Example of supporting Detail Ma i n I dea • Computers are changing the way we make and listen to music. For one thing, the computer has changed how we create songs. For example, composers can write concert music on laptops. Musicians can even make their computers “sing” like a Su huge choir. pp o d e t rt i n g ail

Theme • Theme refers to the central idea or underlying message of the text.

Theme • Theme refers to the central idea or underlying message of the text. Theme is rarely stated in the text –instead, the reader must usually consider the plot, characters, and setting to infer theme.

Cause and Effect *These are not always obvious in the text. Example: The cause

Cause and Effect *These are not always obvious in the text. Example: The cause is rain. What are the effects? The effects are hurt feet. What are the causes?

Main Idea • All the main points of a story – – – Who

Main Idea • All the main points of a story – – – Who When Where Why How

Summary • Stating the main idea in your own words.

Summary • Stating the main idea in your own words.

Author’s Opinion/Point of View • Writers grab their readers attention right from the start

Author’s Opinion/Point of View • Writers grab their readers attention right from the start by making their point: – – – Introduce topic or themselves Ask a question Use actions and feelings Trying to change the reader’s mind Stating reasons first

Poem “What the Page Says” • A blank piece of paper decorated with words

Poem “What the Page Says” • A blank piece of paper decorated with words • 5 questions

Mood • The overall atmosphere created by the author’s use of words. Ex. The

Mood • The overall atmosphere created by the author’s use of words. Ex. The dark, damp room smelled of musk and decay. What mood does this create?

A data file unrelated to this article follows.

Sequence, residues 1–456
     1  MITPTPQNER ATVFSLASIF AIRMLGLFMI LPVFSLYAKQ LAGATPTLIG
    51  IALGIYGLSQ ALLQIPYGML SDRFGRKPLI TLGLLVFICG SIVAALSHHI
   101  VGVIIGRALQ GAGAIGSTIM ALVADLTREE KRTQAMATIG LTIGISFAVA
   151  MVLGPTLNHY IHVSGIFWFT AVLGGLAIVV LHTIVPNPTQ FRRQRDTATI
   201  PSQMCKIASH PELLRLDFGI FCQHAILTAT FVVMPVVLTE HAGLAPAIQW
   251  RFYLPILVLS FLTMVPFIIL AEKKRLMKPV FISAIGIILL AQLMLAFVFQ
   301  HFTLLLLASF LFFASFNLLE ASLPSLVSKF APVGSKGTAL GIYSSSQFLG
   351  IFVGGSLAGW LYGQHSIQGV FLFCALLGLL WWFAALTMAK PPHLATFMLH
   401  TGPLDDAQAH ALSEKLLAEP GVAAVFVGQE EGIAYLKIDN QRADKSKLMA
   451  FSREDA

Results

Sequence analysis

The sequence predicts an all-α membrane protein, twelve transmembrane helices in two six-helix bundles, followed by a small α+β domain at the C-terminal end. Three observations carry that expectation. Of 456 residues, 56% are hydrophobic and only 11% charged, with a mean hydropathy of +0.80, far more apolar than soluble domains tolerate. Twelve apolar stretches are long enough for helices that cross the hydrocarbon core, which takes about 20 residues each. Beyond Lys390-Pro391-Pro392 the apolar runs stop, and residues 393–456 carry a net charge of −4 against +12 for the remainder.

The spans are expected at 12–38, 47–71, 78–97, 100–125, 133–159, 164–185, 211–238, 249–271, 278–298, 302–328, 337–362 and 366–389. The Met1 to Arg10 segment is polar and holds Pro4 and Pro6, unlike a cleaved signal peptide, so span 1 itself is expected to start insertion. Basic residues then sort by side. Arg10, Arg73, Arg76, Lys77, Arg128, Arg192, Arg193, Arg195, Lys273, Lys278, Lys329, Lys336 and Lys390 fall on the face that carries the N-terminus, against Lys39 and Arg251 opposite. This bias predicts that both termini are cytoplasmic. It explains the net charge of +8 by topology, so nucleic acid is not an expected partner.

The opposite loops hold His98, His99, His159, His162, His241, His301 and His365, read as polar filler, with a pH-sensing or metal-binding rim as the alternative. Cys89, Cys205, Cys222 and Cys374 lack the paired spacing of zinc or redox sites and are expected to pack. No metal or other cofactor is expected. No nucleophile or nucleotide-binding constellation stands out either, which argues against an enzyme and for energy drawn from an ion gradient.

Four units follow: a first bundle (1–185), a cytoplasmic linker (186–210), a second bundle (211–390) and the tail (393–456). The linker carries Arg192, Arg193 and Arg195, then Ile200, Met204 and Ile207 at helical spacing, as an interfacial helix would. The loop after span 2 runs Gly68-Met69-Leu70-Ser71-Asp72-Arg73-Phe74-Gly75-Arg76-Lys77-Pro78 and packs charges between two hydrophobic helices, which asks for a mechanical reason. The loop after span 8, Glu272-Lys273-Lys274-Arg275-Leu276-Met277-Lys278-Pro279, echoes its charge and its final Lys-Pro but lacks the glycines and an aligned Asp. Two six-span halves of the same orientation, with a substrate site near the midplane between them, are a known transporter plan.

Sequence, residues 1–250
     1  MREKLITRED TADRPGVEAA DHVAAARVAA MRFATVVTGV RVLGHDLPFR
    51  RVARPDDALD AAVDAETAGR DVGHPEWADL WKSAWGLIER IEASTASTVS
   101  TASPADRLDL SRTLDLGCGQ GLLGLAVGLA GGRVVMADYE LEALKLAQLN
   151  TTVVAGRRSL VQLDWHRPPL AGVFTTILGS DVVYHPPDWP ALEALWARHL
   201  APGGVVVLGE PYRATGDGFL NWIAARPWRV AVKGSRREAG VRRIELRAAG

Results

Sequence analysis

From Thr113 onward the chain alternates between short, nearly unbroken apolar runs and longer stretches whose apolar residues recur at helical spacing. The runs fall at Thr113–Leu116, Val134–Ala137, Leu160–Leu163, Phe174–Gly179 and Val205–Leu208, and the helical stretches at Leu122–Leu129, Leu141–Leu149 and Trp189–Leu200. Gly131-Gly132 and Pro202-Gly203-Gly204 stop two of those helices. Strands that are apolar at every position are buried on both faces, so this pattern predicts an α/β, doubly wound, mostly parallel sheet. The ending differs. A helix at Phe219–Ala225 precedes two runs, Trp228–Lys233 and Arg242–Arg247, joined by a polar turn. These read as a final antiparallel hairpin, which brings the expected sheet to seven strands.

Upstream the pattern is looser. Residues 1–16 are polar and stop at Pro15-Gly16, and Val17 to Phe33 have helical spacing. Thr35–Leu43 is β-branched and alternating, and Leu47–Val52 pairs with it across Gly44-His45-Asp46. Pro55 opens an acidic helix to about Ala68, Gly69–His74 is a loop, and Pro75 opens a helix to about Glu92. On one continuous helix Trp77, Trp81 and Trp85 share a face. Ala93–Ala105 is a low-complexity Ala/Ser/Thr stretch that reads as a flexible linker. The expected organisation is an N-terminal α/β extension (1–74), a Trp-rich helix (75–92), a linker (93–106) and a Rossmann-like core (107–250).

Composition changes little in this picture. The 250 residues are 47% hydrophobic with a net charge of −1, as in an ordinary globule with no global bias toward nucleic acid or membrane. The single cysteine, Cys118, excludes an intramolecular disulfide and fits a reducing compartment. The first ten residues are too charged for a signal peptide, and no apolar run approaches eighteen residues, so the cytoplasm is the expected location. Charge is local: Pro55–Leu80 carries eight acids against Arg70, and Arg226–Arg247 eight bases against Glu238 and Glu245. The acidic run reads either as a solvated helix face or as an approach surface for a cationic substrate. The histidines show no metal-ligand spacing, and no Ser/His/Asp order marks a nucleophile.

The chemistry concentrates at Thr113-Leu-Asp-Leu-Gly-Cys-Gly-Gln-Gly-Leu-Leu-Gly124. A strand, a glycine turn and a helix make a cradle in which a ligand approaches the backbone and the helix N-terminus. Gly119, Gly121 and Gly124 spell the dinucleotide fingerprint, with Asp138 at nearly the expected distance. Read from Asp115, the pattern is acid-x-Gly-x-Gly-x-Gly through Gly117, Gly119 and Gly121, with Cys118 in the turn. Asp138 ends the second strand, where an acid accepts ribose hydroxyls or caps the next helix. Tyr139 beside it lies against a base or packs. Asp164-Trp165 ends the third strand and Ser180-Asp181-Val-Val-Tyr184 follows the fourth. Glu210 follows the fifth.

Metaphor • A figure of speech in which an implied comparison is made between

Metaphor • A figure of speech in which an implied comparison is made between two unlike things that actually have something in common. Example: Stanza 2 of the given poem “Start with my scribble, and soon the ideas will form. Words will come marching up the walls, little soldiers bearing ideas, pacing all around you. They will become your clever companions, your fine and famous friends. ” What is the poet’s use of a metaphor suggesting? Words do what? Answer: Words help writers GENERATE IDEAS.

Infrencing • Using what you already know about a topic along with what you’ve

Infrencing • Using what you already know about a topic along with what you’ve just read and coming up with a conclusion – Example: As Sara walked into her new school, her head was low and eyes kept steady on the cafeteria floor tiles. Her heart was heavy just thinking she’d have to make new friends. As she walked into her first period class, the teacher welcomed her with a sweet smile and Sara her heart became lighter. What can we infer about Sara’s feelings about her new school in the beginning? At the end?

Fact/Opinion • A fact can be PROVEN. • An opinion is a writer’s thoughts,

Fact/Opinion • A fact can be PROVEN. • An opinion is a writer’s thoughts, feelings, and emotions.

Key Words used • • Assertion – implied, not stated directly Infer – basic

Key Words used • • Assertion – implied, not stated directly Infer – basic knowledge used with reading Conclude – ending thoughts Summary – overall theme Theme – overall meaning of text Author’s Purpose/Claim Reflect – shows/mirrors